I have fought against white domination and I have fought against black domination. I’ve cherished the ideal of a democratic and free society in which all persons live together in harmony and with equal opportunities. It is an ideal which I hope to live for and to achieve. But if needs be, it is an ideal for which I am prepared to die.
It’s with great sadness that I have to write these words, President Nelson Mandela of South Africa has passed away at the young age of 95. From revolutionary activist turned political prisoner to President, Mandela lead a movement that ended one of the worse racial segregation systems in our history, a modern history. This man spent 27 years in prison fighting for freedom for all throughout the world, but especially for South Africans, black Africans, to have equal rights…universal voting rights. After apartheid ended, President Mandela won overwhelmingly on April 27, 1994 as the first democratically elected President of South Africa.
I remember seeing photos of the voting lines during the country’s first democratic election…I knew I would never take my right to vote for granted. Two years later I was old enough to cast my first vote. I remember Amnesty International and writing my first letters of petition as a young teen…a history I lived and I witnessed, so this passing carries such great weight. You hear about Martin Luther King, Jr., but we were fortunate enough to know President Nelson Mandela in the present tense; to see him as a living icon and as apart of our pop culture. Even The Cosby Show twins were named after him.
President Obama, our first black President elected democratically has the honor on behalf the United States to speak on President Mandela’s death. Presidnet Obama lead his speech with the Nelson Mandela quote above plus these poignant words:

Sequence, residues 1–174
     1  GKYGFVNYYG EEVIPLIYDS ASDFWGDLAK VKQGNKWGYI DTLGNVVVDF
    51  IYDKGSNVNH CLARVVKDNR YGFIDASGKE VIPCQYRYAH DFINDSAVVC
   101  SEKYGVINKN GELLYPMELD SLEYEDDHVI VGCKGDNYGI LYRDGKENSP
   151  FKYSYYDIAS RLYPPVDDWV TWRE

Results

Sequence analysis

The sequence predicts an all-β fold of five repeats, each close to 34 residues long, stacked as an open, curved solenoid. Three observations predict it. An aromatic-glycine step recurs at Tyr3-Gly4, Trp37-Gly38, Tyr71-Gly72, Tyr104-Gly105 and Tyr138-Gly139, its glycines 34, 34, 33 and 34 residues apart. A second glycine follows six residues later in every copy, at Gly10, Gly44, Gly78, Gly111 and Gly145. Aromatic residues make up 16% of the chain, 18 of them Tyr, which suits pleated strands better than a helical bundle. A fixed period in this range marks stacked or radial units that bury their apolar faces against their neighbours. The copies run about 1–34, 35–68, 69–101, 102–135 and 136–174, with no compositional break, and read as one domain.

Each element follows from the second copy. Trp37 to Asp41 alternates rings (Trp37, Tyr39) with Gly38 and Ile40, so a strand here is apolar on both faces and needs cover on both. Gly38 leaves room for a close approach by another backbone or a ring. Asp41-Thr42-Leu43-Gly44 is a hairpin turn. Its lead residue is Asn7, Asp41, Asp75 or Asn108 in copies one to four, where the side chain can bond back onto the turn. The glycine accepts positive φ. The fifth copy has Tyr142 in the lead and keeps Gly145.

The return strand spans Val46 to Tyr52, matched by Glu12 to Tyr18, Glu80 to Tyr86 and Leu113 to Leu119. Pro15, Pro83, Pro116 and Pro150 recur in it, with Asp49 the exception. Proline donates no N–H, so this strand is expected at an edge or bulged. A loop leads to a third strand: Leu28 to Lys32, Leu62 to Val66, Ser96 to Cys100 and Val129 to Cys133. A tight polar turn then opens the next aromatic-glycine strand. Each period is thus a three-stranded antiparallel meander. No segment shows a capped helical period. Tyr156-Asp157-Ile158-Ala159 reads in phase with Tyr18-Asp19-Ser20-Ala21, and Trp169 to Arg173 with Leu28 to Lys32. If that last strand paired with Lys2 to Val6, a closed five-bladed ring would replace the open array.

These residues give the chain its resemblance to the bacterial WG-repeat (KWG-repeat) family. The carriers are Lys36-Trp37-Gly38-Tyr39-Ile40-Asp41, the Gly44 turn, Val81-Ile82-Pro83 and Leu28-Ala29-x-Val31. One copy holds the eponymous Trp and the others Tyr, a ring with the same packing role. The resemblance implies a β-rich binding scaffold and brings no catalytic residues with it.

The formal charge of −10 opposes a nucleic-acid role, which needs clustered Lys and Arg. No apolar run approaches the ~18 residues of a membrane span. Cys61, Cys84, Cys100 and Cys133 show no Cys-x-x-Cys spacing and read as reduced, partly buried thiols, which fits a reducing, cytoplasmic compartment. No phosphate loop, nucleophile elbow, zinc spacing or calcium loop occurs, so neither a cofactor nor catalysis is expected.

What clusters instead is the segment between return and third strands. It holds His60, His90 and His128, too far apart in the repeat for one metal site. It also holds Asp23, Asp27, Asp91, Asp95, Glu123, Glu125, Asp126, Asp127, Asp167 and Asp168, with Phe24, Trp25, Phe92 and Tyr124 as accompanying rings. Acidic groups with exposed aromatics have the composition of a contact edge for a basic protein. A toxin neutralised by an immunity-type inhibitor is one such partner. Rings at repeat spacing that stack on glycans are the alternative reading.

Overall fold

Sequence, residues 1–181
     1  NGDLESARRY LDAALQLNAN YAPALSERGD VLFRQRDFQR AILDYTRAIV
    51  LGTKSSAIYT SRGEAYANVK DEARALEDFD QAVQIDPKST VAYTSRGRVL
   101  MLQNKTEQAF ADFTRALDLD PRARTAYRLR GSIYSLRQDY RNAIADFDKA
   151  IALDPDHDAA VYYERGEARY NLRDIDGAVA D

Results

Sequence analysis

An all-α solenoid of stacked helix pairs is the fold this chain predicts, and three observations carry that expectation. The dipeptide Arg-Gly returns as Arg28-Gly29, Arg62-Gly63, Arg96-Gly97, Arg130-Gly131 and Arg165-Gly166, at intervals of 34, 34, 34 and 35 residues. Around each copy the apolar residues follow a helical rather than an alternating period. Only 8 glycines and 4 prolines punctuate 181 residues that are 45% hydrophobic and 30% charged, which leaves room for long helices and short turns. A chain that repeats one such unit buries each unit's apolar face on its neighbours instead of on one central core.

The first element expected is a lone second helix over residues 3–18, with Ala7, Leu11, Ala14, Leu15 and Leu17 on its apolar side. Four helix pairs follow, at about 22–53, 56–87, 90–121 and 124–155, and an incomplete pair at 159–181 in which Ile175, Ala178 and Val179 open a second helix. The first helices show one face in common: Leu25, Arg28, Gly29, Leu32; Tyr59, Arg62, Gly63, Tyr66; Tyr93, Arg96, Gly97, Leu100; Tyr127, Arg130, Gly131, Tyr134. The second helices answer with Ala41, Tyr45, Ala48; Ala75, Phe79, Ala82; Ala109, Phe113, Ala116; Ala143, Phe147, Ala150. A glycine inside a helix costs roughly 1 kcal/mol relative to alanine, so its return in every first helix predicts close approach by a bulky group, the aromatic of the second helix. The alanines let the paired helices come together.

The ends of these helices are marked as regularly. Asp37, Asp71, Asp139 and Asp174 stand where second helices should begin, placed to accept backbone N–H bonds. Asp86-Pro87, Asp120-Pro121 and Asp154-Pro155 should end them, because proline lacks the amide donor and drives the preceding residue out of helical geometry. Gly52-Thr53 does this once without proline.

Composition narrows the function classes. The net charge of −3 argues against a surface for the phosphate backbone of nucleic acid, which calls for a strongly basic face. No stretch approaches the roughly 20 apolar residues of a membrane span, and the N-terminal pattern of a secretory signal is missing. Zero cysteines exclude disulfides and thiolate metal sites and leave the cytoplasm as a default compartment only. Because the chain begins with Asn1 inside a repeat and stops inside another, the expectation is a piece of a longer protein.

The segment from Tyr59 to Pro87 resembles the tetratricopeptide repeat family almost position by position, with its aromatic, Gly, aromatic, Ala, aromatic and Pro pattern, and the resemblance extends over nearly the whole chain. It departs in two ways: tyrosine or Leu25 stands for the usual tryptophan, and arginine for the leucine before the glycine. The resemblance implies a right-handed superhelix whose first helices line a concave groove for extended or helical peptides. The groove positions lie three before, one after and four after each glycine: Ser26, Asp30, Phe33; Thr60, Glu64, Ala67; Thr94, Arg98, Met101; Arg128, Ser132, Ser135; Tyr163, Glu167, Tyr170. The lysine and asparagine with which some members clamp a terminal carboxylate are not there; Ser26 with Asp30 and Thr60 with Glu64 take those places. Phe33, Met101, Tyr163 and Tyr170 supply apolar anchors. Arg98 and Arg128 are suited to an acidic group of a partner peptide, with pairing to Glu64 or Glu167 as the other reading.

Nelson Mandela lived for that ideal and he made it real. He achieved more than could be expected of any man.
Today he’s gone home and we’ve lost one of the most influential, courageous and profoundly good human beings that any of us will share time with on this Earth. He no longer belongs to us; he belongs to the ages. Through his fierce dignity and unbending will to sacrifice his own freedom for the freedom of others, Madiba transformed South Africa and moved all of us. His journey from a prisoner to a president embodied the promise that human beings and countries can change for the better.
His commitment to transfer power and reconcile with those who jailed him set an example that all humanity should aspire to, whether in the lives of nations or in our own personal lives. And the fact that he did it all with grace and good humor and an ability to acknowledge his own imperfections, only makes the man that much more remarkable. As he once said, “I’m not a saint unless you think of a saint as a sinner who keeps on trying.”
I am one of the countless millions who drew inspiration from Nelson Mandela’s life. My very first political action — the first thing I ever did that involved an issue or a policy or politics was a protest against apartheid. I would study his words and his writings. The day he was released from prison it gave me a sense of what human beings can do when they’re guided by their hopes and not by their fears.
And like so many around the globe, I cannot fully imagine my own life without the example that Nelson Mandela set. And so long as I live, I will do what I can to learn from him.
To Graca Machel and his family, Michelle and I extend our deepest sympathy and gratitude for sharing this extraordinary man with us. His life’s work meant long days away from those who loved him most, and I only hope that the time spent with him these last few weeks brought peace and comfort to his family.
There’s so much I could say, but in peace may his soul rest, but in life may his spirit forever live. #Mandela
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